Constant Dollar

What is a 'Constant Dollar'

A constant dollar is an adjusted value of currency used to compare dollar values from one period to another. Due to inflation, the purchasing power of the dollar changes over time, so in order to compare dollar values from one year to another, they need to be converted from nominal (current) dollar values to constant dollar values. Constant dollar value may also be referred to as real dollar value.

Constant dollar calculation:

Formula for constant dollar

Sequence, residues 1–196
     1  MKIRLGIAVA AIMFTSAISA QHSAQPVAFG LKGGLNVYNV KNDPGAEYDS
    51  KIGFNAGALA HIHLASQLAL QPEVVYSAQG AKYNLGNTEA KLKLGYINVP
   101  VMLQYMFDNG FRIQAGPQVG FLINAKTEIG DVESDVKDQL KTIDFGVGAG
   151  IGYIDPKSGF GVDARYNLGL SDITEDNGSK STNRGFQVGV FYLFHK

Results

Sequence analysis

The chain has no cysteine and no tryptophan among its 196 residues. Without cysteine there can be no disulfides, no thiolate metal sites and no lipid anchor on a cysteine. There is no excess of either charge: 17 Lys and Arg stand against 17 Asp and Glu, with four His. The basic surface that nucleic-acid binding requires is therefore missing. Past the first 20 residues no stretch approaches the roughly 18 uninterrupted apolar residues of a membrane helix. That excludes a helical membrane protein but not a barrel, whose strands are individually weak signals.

BREAKING DOWN 'Constant Dollar'

The constant dollar is often used by companies to compare their recent performance to past performance. Governments also use the constant dollar to track changes in economic indicators, such as wages or GDP. Any kind of financial data represented in dollar terms can be converted into constant dollars by using the consumer price index (CPI) from the relevant years.

For example, constant dollars can be used to calculate what $20,000 earned in 1995 would be equal to in 2005. The CPIs for the two years are 152.4 and 195.3, respectively. The value of $20,000 in 1995 would be equal to $25,629.92 in 2005. This is calculated as $20,000 x (195.3/152.4). The calculation can also be done backwards by reversing the numerator and denominator. Doing so reveals that $20,000 in 2005 was equivalent to only $15,606.76 in 1995.